The rugged basic design of the 8/38 hp allowed it to be used also as a delivery van chassis, which was available from October 1927 under the code L 3/4. The seemingly unusual name was consistent with the nomenclature for commercial in use at that time for commercial vehicles and stands for a payload of 3/4 tonnes.
With an especially long wheelbase of 3250 mm, this chassis was employed mainly for delivery vans, ambulances and buses. Bus operators used these vehicles to offer excursions for small groups, either with an eight-seater closed body or with an open soft-top body known as “panorama carriage” with ten seats.
Another interesting variant was the “combination carriage”, which had the appearance at first glance of a six-/seven‑seater open tourer. However, once the middle and rear rows of seats had been removed, the vehicle could easily be converted into an open delivery van using a zinc insert. A familiar sight was the “rural postal carriage”, several hundred units of which were in service in the 1930s to ensure postal services in rural areas.
Technically, the L 3/4 chassis was broadly the same as its passenger car counterpart. Behind the rear wheels, however, the longitudinal frame members did not turn down to meet the spring shackles, but continued horizontally. Between transmission and differential, there was no torque tube as on the passenger car versions, but an exposed universal-joint shaft, which transferred the power to the rear wheels via a worm drive on the underside of the differential housing.
The first two experimental units of the L 3/4 chassis were built in October and November 1927. Series production began in February 1928 and carried on initially until July of the same year, during which time 103 chassis units were produced with the two-litre engine. In October, the L 3/4 was changed over to the higher output 2.6‑litre engine.
At the International Motor and Motorcycle Show in Berlin in November 1928, Daimler-Benz unveiled an L 3/4-based delivery van and hotel bus, both of which were powered by the M 11 – two months before the Stuttgart 260 appeared on the market. Series production of the 2.6‑litre chassis had already begun in October. In July 1929, the L 3/4 chassis was modified for a payload of 1000 kg and consequently renamed L 1000. It was marketed as the Mercedes-Benz “Express”. At approximately the same time, the L 3/4 or L 1000 was given the internal design code W 37. From February 1933, the L 1000 was also available with overdrive.
The November 1929 price list included not just the chassis, but also a number of bodies: two different platform vehicles, two omnibus variants for 8‑10 passengers with rear or side entrance, and a panel van of “ideal, rugged construction”.
In an attempt not to scare off potential customers with the high price of the bodies, the above-mentioned price list stated: “The same bodies in a simple, lightweight construction are alternatively available from third-party sources at a lower price.” To illustrate the differences, it was further stated: “Please make particular note that our special platform bodies are of particularly beautiful design and the product of particularly sound and careful workmanship. The excellence of our platform bodies does not allow comparison with similar bodies of third-party manufacture.”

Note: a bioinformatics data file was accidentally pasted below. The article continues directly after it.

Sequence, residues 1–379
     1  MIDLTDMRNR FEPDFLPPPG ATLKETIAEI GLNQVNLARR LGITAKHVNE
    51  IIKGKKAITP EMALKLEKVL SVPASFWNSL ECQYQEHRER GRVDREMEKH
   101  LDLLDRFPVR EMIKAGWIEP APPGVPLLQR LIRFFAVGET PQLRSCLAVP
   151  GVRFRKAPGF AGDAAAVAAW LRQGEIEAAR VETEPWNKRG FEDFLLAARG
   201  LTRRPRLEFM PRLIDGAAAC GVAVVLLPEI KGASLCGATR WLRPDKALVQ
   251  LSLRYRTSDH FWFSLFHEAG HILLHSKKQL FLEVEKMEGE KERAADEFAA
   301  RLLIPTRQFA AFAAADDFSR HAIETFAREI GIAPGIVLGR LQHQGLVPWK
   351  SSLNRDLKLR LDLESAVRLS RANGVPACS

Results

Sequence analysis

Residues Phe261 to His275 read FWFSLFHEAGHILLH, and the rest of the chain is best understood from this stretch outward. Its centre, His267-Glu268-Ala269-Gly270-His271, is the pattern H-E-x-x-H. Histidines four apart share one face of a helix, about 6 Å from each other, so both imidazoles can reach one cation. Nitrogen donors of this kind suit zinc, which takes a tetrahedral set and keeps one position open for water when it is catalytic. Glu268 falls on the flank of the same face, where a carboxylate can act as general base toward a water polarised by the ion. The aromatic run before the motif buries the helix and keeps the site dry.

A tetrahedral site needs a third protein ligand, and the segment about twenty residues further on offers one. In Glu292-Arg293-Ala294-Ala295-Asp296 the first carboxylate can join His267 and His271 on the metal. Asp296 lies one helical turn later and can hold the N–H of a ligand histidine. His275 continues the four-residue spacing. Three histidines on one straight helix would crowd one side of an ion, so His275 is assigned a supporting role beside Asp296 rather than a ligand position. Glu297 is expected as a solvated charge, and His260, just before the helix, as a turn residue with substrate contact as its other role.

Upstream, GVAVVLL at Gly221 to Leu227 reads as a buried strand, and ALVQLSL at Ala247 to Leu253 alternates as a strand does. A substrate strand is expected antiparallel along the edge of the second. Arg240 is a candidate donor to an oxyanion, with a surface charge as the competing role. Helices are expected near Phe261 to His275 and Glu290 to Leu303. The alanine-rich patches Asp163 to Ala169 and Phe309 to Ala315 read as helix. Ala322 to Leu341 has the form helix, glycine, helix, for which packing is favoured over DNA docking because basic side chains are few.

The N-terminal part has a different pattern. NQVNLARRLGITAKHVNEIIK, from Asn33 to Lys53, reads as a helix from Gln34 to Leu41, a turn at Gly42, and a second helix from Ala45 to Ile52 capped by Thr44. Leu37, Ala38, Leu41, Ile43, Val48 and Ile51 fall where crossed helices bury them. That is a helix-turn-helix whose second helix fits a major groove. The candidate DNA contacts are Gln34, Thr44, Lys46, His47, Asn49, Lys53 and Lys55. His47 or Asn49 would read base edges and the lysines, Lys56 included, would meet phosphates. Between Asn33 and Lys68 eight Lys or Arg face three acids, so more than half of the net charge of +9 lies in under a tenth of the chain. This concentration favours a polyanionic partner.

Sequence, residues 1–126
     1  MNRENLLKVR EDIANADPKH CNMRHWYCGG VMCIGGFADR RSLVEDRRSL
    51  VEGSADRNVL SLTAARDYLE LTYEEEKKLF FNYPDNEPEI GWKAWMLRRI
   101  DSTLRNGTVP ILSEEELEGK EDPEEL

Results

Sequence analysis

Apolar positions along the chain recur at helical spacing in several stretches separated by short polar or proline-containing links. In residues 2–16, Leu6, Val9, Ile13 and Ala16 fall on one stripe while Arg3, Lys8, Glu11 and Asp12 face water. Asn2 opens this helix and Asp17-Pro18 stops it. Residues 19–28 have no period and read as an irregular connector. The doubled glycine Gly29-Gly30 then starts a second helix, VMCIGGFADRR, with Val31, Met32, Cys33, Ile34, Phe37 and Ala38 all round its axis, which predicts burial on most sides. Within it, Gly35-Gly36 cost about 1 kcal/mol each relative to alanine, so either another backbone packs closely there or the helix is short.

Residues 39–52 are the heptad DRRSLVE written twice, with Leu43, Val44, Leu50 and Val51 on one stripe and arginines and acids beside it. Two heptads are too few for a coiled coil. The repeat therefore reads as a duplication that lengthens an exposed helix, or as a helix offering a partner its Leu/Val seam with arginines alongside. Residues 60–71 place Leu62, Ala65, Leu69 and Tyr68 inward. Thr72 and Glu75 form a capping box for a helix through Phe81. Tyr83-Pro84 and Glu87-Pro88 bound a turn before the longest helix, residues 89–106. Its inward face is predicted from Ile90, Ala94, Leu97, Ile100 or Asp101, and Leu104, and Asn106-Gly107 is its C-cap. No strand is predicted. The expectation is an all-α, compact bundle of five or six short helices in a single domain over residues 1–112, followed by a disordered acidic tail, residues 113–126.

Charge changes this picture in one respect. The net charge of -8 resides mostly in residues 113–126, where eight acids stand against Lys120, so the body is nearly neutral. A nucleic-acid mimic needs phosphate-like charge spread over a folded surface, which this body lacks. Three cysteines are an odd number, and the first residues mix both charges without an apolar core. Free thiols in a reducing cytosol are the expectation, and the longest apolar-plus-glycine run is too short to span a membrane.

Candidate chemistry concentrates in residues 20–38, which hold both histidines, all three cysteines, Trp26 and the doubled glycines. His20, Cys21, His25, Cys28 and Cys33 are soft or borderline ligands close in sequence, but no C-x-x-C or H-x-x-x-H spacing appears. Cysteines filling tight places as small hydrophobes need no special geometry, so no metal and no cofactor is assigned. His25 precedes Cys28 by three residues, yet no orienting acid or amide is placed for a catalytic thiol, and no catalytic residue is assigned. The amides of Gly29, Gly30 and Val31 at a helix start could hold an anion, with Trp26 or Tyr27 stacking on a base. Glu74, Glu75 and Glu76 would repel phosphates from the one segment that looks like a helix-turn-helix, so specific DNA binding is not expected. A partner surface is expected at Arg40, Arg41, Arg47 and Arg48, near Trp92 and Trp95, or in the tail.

Unfortunately, it is not known how many customers were attracted by the particularly beautiful design of the platform vehicle. At any rate, the total production volume of the L 1000 is remarkable, 2 376 units coming off the production line in Untertürkheim between October 1928 and August 1936.
From August 1934 to December 1935, 1507 chassis units for the bucket-seat Kübelwagen were additionally produced on the basis of the Stuttgart 260. Some of the bodies were built at the Sindelfingen plant, while others were made by Trutz in Coburg and Gaubschat in Berlin, the bodies from Sindelfingen accounting for around one third of the total number.
The spoked steel wheels on the normal models were replaced on the Stuttgart 260 Kübelwagen by disc wheels. The vehicle was equipped with an Aphon transmission, which – in line with intended use – could not be combined with the otherwise available overdrive. The Kübelwagen variant of the Stuttgart 260 was highly valued by the Reichswehr on account of its ruggedness. Some examples continued in service until the early 1940s.
Total production of the passenger car version came to 9105 units for the 8/38 hp, 6452 for the Stuttgart 200 and 6757 for the Stuttgart 260. Even though such unit volumes may appear modest by today’s standards, the W 6506 / W 02 / W 11 model family achieved considerable success in its market segment. All three models were manufactured in Stuttgart-Untertürkheim. Anyone referring today to the Stuttgart model will normally mean the entire model family, even though this name was introduced until the facelift in autumn 1928.
Source: Daimler Media